Singapore banks to pilot Facebook and Twitter IDs for payments
Banks in Singapore are working together on a new service that will allow users to make payments using Twitter usernames or Facebook IDs.
According to the FT, a pilot is due to take place in the first quarter of 2017.
Rather than entering an account number and sort code, users will be able to make payments by selecting the payee’s Facebook ID or Twitter username.
Singapore’s existing internal fund transfer system, Fast and Secure Transfers (FAST), which brings together 20 banks to allow near-instant fund transfers, will be used. Participating banks include UOB and DBS, as well as others with Asian retail operations, such as Citi and HSBC.
The proxy ID system would begin with the use of mobile phone numbers as substitutes for bank accounts.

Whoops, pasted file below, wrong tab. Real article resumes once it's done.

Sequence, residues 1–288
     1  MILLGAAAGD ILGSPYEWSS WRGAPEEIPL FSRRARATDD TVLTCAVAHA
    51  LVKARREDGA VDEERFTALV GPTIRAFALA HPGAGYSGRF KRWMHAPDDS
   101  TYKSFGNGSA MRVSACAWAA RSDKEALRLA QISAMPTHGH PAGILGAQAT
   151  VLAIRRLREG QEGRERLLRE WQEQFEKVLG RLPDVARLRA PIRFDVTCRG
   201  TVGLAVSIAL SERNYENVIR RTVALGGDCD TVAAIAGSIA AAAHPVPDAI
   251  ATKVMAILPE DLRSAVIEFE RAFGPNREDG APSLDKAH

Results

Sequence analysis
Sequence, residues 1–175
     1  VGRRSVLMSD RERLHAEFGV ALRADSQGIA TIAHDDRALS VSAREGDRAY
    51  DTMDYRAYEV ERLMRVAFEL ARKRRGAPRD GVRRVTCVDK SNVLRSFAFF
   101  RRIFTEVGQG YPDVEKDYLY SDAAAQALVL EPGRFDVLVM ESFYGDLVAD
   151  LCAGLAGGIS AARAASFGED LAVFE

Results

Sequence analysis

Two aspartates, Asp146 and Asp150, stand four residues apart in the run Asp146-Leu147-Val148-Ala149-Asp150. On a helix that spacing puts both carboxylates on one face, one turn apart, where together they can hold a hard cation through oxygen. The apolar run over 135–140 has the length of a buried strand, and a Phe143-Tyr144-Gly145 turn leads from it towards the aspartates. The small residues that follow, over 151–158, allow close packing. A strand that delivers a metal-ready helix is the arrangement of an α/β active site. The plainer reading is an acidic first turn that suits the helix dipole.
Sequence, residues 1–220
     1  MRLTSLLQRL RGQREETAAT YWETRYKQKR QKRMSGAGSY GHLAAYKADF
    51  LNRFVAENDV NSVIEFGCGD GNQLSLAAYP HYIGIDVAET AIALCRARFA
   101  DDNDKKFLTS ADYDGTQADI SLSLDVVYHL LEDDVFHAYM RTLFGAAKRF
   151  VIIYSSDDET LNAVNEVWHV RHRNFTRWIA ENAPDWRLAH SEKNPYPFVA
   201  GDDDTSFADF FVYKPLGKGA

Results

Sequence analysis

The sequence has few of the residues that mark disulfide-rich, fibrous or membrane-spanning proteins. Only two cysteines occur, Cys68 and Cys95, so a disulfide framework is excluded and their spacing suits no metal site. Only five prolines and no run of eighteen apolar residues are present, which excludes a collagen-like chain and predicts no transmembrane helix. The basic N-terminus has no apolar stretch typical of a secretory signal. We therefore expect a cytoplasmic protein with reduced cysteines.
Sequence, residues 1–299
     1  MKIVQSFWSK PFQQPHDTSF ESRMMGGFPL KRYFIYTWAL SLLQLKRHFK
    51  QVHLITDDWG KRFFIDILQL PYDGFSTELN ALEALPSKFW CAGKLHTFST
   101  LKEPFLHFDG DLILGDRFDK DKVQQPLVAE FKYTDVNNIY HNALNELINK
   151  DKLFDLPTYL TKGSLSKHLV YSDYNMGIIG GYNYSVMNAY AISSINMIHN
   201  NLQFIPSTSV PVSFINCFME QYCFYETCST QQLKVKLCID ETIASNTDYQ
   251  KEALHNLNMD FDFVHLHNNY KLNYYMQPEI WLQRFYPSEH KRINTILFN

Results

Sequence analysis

An unnamed person that spoke to the FT says: “We are building a system for the future with capabilities to store multiple [proxy IDs].
“This will be a gradual change … people will start using mobile numbers and gradually move to other proxies.”
The social network
The use of social media in fintech has been going on for several years.
In 2013, India’s ICICI Bank launched a new app that lets customers pay their friends and share expenses between groups of people on Facebook.
Last year, Axis Bank, also in India, released a mobile payments service called Ping Pay, which allows customers to send money to each other using Facebook, Twitter, WhatsApp, email or phone number.
This year, South African banking heavyweight Absa launched ChatBanking, the “first” service in Africa offering day-to-day banking from a Twitter account.